On November 26, as the terrorists neared their target destination, they killed Solanki by slitting his throat. An associate of Ibrahim’s in Mumbai had arranged to pick the team up in inflatable rubber dinghies. They went ashore at about 9pm. Witnesses reported seeing them land in the dinghies, which were unusual among the common wooden fishing boats, and unloading a number of large bags.
Once on shore near the Gateway to India, Mumbai’s main landing point near the Naval dockyard, the team split up. Four men went to the Taj Mahal hotel, where an advance team had already checked in on November 22 and set up a control room. Two went to the Nariman House, the Mumbai headquarters of Chabad Lubavitch, an ultra-orthodox Jewish group. Another acquisitioned a taxi and drove to the railway station. Two others headed to the Leopold restaurant, a hot spot for foreign visitors to Mumbai.
At about 9:20pm, one team arrived at the Nariman House, where they took hostages, while another opened fire at the Leopold café. At 9:45, terrorists entered both the Taj Mahal and Trident Oberoi hotels, where hostages were again taken. At 10:15, two of the men began firing indiscriminately outside the Cama hospital. At 10:30, terrorists entered the Chhatrapati Shivaji railway station and again opened fire.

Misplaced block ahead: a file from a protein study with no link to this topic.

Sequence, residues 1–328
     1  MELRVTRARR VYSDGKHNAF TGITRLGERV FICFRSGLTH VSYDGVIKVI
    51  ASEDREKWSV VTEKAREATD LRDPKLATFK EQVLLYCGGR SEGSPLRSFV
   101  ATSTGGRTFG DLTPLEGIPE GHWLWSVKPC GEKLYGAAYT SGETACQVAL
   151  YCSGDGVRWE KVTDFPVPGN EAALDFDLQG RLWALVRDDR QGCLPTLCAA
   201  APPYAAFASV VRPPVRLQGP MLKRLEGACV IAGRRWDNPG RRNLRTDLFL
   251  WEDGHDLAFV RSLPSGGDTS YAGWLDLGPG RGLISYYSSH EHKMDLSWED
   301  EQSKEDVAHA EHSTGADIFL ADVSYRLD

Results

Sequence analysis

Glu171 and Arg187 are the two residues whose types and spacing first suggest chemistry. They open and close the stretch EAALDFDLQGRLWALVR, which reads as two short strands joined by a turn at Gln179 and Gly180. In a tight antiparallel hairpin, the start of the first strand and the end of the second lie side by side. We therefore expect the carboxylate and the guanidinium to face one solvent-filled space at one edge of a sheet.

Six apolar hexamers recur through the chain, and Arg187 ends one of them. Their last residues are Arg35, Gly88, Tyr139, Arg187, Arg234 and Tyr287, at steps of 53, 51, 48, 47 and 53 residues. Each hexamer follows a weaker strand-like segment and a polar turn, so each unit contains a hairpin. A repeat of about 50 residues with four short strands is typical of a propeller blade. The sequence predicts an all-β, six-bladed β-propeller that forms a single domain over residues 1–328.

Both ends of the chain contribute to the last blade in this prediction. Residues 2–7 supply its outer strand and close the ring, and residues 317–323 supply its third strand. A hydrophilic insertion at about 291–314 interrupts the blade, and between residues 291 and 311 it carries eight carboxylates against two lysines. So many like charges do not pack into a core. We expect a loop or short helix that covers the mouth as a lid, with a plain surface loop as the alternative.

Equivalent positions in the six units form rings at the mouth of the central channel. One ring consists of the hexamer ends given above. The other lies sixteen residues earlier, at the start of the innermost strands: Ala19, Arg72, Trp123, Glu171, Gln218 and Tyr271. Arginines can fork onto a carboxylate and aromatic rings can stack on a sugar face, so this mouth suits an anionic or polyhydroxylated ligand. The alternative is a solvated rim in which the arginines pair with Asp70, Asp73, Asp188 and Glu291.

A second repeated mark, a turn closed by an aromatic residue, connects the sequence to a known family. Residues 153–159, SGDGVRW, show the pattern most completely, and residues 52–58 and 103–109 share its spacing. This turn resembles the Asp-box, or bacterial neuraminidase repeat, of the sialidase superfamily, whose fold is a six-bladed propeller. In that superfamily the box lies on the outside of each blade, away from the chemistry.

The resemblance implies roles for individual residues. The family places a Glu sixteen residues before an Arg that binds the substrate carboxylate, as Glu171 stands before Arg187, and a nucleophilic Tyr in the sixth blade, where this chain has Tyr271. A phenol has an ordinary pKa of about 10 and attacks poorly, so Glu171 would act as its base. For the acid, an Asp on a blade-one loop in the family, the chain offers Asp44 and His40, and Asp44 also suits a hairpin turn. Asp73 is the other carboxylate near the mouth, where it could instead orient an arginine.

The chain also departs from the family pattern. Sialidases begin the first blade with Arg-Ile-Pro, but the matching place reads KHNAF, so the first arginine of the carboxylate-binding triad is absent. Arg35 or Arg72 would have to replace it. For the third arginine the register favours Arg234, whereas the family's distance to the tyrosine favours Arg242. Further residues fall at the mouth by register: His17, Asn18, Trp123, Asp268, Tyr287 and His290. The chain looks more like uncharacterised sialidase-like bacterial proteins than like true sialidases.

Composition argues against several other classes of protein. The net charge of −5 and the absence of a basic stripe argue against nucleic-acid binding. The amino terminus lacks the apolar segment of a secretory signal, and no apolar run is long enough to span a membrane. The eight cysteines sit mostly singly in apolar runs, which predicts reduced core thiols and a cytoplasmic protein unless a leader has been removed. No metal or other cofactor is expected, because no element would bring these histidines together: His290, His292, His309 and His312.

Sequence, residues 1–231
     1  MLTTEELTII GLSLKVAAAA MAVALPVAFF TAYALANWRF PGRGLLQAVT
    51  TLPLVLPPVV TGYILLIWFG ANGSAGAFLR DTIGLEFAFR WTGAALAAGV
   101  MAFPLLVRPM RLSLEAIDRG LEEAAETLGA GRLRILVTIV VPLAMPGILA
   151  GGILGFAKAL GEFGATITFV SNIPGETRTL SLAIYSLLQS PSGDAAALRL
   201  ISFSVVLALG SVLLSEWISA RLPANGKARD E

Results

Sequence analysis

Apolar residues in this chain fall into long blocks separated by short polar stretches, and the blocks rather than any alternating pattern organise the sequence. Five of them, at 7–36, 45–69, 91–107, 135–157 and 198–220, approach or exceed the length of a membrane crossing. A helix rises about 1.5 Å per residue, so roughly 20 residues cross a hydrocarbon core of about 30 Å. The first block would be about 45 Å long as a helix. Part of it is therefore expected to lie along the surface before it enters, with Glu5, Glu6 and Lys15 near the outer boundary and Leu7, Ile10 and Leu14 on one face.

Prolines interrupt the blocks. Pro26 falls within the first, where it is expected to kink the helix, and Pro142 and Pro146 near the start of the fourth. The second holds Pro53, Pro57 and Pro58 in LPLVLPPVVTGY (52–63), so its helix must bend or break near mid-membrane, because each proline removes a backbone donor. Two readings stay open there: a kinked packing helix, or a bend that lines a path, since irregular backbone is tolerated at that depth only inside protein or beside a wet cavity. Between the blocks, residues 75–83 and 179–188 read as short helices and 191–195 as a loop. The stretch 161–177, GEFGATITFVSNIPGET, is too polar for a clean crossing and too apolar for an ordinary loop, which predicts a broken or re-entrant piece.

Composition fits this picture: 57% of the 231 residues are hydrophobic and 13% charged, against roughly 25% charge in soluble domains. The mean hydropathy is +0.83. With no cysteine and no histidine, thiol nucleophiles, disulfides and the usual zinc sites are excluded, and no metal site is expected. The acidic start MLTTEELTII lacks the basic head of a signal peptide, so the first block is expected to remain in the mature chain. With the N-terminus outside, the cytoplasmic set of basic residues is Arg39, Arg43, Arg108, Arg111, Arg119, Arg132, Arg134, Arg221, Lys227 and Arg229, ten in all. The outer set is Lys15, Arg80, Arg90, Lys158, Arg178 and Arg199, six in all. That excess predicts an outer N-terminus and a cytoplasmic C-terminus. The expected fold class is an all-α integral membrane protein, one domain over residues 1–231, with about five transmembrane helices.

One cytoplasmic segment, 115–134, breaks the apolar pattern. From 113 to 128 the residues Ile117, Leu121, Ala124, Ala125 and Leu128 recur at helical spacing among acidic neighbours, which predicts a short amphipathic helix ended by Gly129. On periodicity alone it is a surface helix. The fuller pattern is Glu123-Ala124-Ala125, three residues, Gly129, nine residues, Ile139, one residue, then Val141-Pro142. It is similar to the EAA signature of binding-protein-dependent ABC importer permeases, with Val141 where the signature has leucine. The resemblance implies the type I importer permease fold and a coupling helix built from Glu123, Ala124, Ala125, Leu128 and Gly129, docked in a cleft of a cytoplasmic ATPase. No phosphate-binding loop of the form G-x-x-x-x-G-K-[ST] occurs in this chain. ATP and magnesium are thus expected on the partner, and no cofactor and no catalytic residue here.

According to Pakistan’s Daily Times, the terrorists identified and killed two U.S. intelligence officers at the Taj Mahal hotel.
Indian officials are now saying that just 10 men were responsible, indicating that two-man teams were able to strike one target and move on to the next. Teams held out under siege the the Nariman House and the hotels, with the Taj Mahal the last to be cleared. By the end, it had taken Indian forces 60 hours to kill or capture the attackers, with their reign of terror finally ending on the 29th with nearly 200 people reported dead.
According to police, the men were aged 18 to 28. They were found to have drugs in their system, and traces of cocaine and LSD were found at one or more scenes of their attack, which they apparently had taken for an additional adrenaline boost to keep them going for the long siege and battle with Indian special forces.
A Mauritian government identity card was discovered with the terrorists who attacked the Taj Mahal hotel, along with credit and debit cards of a number of different banks, including HSBC (headquartered in London and named after its founding member, the Hong Kong and Shanghai Banking Corporation, with global branches), HDFC, and ICICI (both banks in India). The Republic of Mauritius is a former British colony and member of the Commonwealth off the east coast of Africa, near Madagascar in the Indian Ocean.